New Rangos Scholarship to Help Duquesne Students During Professional Phase of Studies
John G. Rangos Sr., the entrepreneur and philanthropist known for his contributions to educational and health-oriented causes, has established a new scholarship that will provide support for the professional phase of education for qualified students in Duquesne University's Rangos School of Health Sciences.
Eligible students must complete an application for the $5,000 scholarships, which will be awarded based on need and academic accomplishment. The award will help support the student's respective professional phase, which could include one or two years of schooling, said Rangos Dean Dr. Gregory H. Frazer.
Duquesne students majoring in athletic training and health management systems begin the professional phase of their education during the third and fourth years of study, while students majoring in the physician assistant, occupational therapy, physical therapy and speech-language pathology programs start their professional phase later.
"Fr. Hogan (executive vice president for student life at Duquesne) and I were discussing the desperate straits that some young men and women run into, and he mentioned that even a few hundred dollars can help them to finish their education," explained Rangos. "I can't think of anything better you could do for your family, your community and for your country than to give back and inspire kids who are getting a good education and give them the opportunity to be successful and productive citizens."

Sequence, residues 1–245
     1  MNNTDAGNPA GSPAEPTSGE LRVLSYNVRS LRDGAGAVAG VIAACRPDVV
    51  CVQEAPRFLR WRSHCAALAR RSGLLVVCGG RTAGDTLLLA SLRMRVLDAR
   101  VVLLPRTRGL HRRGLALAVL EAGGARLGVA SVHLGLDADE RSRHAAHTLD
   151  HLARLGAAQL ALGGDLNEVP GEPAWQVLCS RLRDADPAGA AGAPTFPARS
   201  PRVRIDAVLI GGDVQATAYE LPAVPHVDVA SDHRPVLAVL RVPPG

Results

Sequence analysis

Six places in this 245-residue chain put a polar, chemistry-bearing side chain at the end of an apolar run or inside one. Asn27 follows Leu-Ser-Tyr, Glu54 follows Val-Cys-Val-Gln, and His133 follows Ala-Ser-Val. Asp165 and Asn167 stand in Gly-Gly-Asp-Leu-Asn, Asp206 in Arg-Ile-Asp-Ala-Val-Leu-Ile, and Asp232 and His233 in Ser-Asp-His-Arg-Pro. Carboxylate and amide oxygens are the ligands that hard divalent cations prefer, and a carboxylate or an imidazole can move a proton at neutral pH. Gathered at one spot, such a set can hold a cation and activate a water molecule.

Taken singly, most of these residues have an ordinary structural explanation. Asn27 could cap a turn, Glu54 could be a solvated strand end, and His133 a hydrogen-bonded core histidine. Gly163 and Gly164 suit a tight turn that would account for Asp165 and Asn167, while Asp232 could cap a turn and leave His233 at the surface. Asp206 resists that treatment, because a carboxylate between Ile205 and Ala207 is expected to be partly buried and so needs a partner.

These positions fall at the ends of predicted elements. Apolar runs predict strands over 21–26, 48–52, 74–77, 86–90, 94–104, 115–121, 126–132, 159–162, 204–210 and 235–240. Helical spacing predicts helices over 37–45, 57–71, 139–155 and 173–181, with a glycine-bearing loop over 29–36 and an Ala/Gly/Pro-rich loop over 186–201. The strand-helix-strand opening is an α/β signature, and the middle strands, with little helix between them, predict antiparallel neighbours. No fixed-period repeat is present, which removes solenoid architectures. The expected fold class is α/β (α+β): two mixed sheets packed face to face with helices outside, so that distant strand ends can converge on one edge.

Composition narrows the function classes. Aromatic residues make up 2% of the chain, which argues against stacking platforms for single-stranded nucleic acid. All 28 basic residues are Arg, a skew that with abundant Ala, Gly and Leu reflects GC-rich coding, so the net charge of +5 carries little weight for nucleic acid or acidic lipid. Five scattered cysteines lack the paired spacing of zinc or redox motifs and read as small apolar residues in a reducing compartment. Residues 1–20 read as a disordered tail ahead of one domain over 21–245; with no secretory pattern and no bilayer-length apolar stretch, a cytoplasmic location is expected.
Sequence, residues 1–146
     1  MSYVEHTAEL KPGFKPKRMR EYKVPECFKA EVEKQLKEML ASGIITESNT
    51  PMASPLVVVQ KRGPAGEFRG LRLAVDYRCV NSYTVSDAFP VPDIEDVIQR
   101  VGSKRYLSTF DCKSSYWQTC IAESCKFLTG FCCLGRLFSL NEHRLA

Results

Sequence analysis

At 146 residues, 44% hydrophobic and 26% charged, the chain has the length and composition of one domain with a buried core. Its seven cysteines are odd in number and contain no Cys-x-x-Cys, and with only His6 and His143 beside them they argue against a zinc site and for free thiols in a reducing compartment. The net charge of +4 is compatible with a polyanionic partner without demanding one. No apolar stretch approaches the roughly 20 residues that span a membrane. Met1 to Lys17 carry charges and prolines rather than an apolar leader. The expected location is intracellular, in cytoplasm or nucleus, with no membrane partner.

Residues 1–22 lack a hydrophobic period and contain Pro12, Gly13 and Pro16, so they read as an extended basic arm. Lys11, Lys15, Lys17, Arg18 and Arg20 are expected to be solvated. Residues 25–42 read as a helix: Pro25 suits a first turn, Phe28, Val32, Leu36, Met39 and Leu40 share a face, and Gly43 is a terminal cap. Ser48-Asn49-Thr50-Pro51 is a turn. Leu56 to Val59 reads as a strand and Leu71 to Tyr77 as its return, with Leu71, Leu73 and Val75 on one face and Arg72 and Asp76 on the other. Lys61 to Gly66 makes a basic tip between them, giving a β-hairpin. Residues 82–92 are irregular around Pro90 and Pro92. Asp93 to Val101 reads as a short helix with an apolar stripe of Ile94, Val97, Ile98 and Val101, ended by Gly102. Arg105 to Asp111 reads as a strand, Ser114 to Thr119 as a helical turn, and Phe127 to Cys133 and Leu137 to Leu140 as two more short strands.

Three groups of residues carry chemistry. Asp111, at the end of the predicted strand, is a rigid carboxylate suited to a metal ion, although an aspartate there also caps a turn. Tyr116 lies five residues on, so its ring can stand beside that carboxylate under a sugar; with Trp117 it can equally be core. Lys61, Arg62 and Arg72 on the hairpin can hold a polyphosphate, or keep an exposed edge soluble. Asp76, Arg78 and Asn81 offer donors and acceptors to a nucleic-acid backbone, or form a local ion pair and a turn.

The goal is for two students to be selected for a two-year commitment, starting this fall. In addition to receiving monetary support for their education, each Rangos scholarship awardee will receive a commemorative medallion, engraved with their name and year of the award.
"This significant gift will make a huge difference to our students who are faced with the challenge of finding funding for the professional phase of their degree program," said Frazer.
Duquesne University launched the Rangos School of Health Sciences in 1991-its first new school in 50 years-thanks to the generosity of Rangos, who also provided a gift in 2003 to establish the Anna Rangos Rizakus Endowed Chair in Health Sciences and Ethics in honor of his late mother.
"Duquesne has been a great inspiration to so many students who've had to get through school while working full-time jobs during the day or evening," said Rangos. "The Rangos Scholarship is just carrying out what the University has always done-caring for kids who need help, giving them an education, the discipline and the blueprint for success."
Chair of the John G. Rangos Sr. Charitable Foundation, Rangos, 85, is founder of the Congressional Medal of Honor Foundation and the International Orthodox Christian Charities. Former chairman of the Chambers Development Co. and former vice chairman of USA Waste Services, he is an innovator in the environmental industry who set the standard for waste receptacles and recycling in America. In addition, Rangos has launched and operated 23 successful companies during his career.
Founded in 1878, Duquesne is consistently ranked among the nation's top Catholic research universities for its award-winning faculty and tradition of academic excellence. The University is nationally ranked by U.S. News and World Report and the Princeton Review for its rich academic programs in nine schools of study for nearly 10,000 graduate and undergraduate students, and by the Washington Monthly for service and contributing to students' social mobility. Duquesne is a member of the U.S. President's Higher Education Community Service Honor Roll with Distinction for its contributions to Pittsburgh and communities around the globe. The U.S. Environmental Protection Agency and the Princeton Review's Guide to Green Colleges acknowledge Duquesne's commitment to sustainability.